The billions she had amassed came in handy though. She hired Oleh Pokalchuk, a social psychologist, to give her a make over from hard nosed brunette business woman to – pagan mother goddess of the Ukrainian peasants. Somewhere between ‘Eva Perón’ and the ‘Princess Leia’ character from the Star Wars and Evita DVDs that she had imported into a chain of Ukrainian cinemas. Said Oleh in 2007:

“It was necessary to work out and implement an image that would block out the image [...] of wealth, of envy, hatred. I created an image of a modest village teacher. A visual type, clothes and haircut, a retro image evoking memories of childhood and schooldays… simple clothes, simple haircut, a Ukrainian archetype, [...] She didn’t speak Ukrainian so well then and it was necessary for parts of the country, where nationalism is a powerful force, that she should appear one of us.”

220px-Yulia_Tymoshenko_(2008)Now you recognise her? 2008. Yulia Tymoshenko. Sky Television, and the European Union’s ‘heroine of the people’. ‘The People’s Princess’ no less.

Night after night we are told of ‘Russian thugs’, and ‘Gangsters’ lined up against ‘brave freedom fighters’. The choice of words is illuminating. The imagery fascinating. The frail Yulia was freed from prison and wheeled into Independence Square in Kiev to loud cheers – from the EU which is pledging 11 billion of our money to bail out the bankrupt Ukraine.

The Russians have threatened to cut the gas pipe lines from which Yulia made her billions – a pipe line which she signed up to a new deal with in 2009, which the rest of her cabinet (she was by then Prime Minister) opposed. It was this ‘deal’ with the Russians which saw her jailed as ‘having exceeded her authority as Prime Minister’.

Peter Mandelson would be hard put to emulate the twists and turns of Tymoshenko’s political allegiances. Now she is supported by the EU in a move which may see Ukraine denuded of the revenue from hosting the pipe lines she made her millions from – and her country divided into two.

Strangely, she was born in Dnipropetrovsk, a city which neatly straddles the political and linguistic divide in Ukraine. Perhaps that accounts for her hopping from one side to another of it.

Now we must watch as the US and the EU lecture the Russians on the evils of ‘invading Sovereignty’ – Libya, Iraq anyone? Or Democracy? Or corrupt politicians? Or how to deal with a bankrupt economy? At least the Ukrainian’s don’t need a lecture on how to give political schemers and opportunists a make-over – they have out classed us on that one.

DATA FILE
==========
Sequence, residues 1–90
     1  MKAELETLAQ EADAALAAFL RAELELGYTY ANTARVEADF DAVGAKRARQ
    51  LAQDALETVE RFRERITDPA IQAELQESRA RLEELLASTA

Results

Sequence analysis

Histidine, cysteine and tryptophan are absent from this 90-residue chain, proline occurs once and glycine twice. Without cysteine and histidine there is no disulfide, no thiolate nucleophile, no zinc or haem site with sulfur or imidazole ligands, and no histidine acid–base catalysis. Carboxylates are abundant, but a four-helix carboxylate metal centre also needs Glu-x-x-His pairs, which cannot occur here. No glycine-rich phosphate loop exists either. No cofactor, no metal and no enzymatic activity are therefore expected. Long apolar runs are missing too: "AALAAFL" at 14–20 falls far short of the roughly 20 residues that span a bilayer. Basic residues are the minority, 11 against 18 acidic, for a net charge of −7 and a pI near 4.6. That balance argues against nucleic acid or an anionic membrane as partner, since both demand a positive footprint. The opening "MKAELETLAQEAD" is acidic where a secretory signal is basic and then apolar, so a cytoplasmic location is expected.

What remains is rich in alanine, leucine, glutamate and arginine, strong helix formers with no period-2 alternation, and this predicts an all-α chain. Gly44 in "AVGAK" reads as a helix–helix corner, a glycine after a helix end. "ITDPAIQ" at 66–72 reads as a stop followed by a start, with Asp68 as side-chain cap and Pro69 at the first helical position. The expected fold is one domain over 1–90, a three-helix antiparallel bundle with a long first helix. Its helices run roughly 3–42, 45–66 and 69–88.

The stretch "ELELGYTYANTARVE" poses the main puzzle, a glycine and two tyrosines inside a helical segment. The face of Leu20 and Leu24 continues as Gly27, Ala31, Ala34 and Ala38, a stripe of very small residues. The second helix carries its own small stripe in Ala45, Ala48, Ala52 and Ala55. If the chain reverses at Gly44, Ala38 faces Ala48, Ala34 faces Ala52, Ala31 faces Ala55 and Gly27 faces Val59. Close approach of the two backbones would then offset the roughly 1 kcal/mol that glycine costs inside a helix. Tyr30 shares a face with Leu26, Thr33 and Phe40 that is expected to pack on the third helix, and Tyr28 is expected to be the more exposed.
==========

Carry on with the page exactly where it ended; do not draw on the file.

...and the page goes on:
Your vote as to who would have been given the make-over in Britain – and into what – should the same situation have occurred here? I still fancy Mandelson as Father Christmas.

{ 29 comments… read them below or add one }

Margaret Jervis March 6, 2014 at 12:49 pm
DtP March 6, 2014 at 12:53 pm

Gaddzooks – cheers for the bio. That speech she gave from her wheelchair was total bullshit and i’d figured she was just a crony but it’s the Yeltsin’s daughter thing all over again – become a billionaire just by being in the right room at the right time. The cheeky shit. Cheers Anna.

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IlovetheBBC March 6, 2014 at 1:15 pm

Her speech was greeted with almost total silence. She is as popular as scabies.
The Ukrainians may be inexperienced but they are not idiots.

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Duncan Disorderly March 6, 2014 at 1:24 pm

I find the situation after Russia etc. after the Soviet Union collapsed to be fascinating. I strongly recommend the book ‘The Godfather of the Kremlin’ by Paul Klebnikov about Boris Berezovsky; Klebnikov was murdered by someone in 2004. There is no question that Vladimir Putin has dramatically improved Russia after regaining control from the oligarchs. Ukraine is what happens when the oligarchs take over the country and continue to plunder it at a ridiculous rate.

News stories about Russia are distorted. This article by Stephen Cohen is very good:
http://www.thenation.com/article/178344/distorting-russia#

By the way, did you know India has just banned homosexual acts; how much news coverage did it get in relation to Russia’s version of ‘Section 28′?

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JuliaM March 6, 2014 at 2:08 pm

See also the case of the gay hairdresser refusing to cut a Republican governor’s hair because he doesn’t agree with her view on gay marriage.

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Moor Larkin March 6, 2014 at 3:29 pm

He missed an opportunity there…….

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Ed P March 6, 2014 at 1:45 pm

I nominate Harman as Minister for Children & Dromey as Director of the NSPCC? Or would that be a make-over too far?

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Daedalus X. Parrot March 6, 2014 at 9:54 pm